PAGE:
Chapter 5 is again more substantial, as one would expect from a chapter onGerman verbs, yet it is considerably shorter than the chapter on nouns. Thereare not many verbal suffixes in German; however, few verbs can escapeoccurring without either an inseparable prefix (a morphological formation), ora separable particle (a syntactic formation), though seldom do both occur inthe same verb at the same time (p. 380). This book shines particularly inmaking abstract or difficult-to-explain issues clear and explicit, forexample, the semantics of the prefix ‘be-’ (cognate with the English ‘be-’ asin ‘belabor’, ‘bemoan’; p. 384). Especially enlightening is the section on‘ver-’, an extremely common verbal prefix which exhibits seeminglycontradictory meanings. The authors impressively succeed in reconciling allthe diverging semantics of ‘ver-’ in the core meaning of 'the completion of anevent' (p. 389). Foreign-originating verbal prefixes such as‘de-’, ‘dis-’, ‘kon-’, ‘re-’ are seldom used on a native German stem, whilethe pattern of indigenous prefixes attached to ''exogenous'' stems is commonand even productive, e.g. ‘überreagieren’ 'to overreact', ‘umrangieren’ 'toreroute, remodel' (p. 395, 116). And it is common for a number of differentforeign prefixes to be affixed to the same foreign stem, e.g. ‘de-’, ‘dis-’,‘pro-’, ‘reponieren’ ('to deposit, dispose of, propose, set a bone'; p. 396).There is a class of inseparable verb compounds which can be viewed as either''copulative'', or ''determinative'', i.e. with a subordinative modifier +main action structure, e.g. ‘grinskeuchen’ (grin + gasp) 'to grin and gasp, togasp while grinning' (p. 374). There are a number of causatives formed throughinternal modification, e.g. ‘sinken’ ('to sink' [intransitive]) vs. ‘senken’('to sink [transitive], cause to sink'), ‘trinken’ 'to drink' vs. ‘tränken’'to water (animals), to immerse', but the pattern is no longer productive (p.375). Some verbs, often ones ending in ‘-ieren’, have an abbreviated form,e.g. ‘funktionieren’ ('to function, work') -> ‘funzen’, ‘registrieren’ ('toregister') -> ‘reggen’ (p. 375).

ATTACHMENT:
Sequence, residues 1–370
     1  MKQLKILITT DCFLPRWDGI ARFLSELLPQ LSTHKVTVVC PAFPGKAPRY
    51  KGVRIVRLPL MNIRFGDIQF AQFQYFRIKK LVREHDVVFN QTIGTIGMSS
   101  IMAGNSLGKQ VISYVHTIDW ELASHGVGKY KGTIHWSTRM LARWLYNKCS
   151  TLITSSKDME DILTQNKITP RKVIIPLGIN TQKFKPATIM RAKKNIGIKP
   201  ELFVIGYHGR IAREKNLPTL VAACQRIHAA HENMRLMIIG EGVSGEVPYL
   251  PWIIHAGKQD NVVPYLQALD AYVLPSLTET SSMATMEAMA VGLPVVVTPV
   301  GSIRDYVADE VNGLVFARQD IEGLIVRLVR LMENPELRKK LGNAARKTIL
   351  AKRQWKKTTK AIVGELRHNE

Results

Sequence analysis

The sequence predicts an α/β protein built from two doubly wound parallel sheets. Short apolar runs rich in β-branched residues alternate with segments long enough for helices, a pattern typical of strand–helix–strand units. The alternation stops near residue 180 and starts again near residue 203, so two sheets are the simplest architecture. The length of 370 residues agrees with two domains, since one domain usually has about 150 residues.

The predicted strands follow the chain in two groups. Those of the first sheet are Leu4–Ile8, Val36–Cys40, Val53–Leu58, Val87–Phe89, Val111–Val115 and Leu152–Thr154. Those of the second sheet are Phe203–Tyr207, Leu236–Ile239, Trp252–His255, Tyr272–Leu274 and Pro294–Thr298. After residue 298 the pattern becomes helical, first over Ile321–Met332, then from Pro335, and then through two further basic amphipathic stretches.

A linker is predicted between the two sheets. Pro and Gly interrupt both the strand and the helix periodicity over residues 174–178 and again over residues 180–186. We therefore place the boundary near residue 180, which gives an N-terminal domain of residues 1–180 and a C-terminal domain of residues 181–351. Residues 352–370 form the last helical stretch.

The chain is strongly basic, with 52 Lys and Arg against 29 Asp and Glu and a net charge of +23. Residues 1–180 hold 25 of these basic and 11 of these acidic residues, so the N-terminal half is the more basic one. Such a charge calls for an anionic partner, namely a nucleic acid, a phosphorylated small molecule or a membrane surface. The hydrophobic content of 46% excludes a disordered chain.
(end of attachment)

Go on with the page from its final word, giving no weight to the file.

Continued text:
The book ends a bit abruptly here, with no concluding chapter; but that isperhaps not necessary in a descriptive work like this one -- it's very much inkeeping with the no-nonsense, always-keeping-to-the-point nature of the wholebook.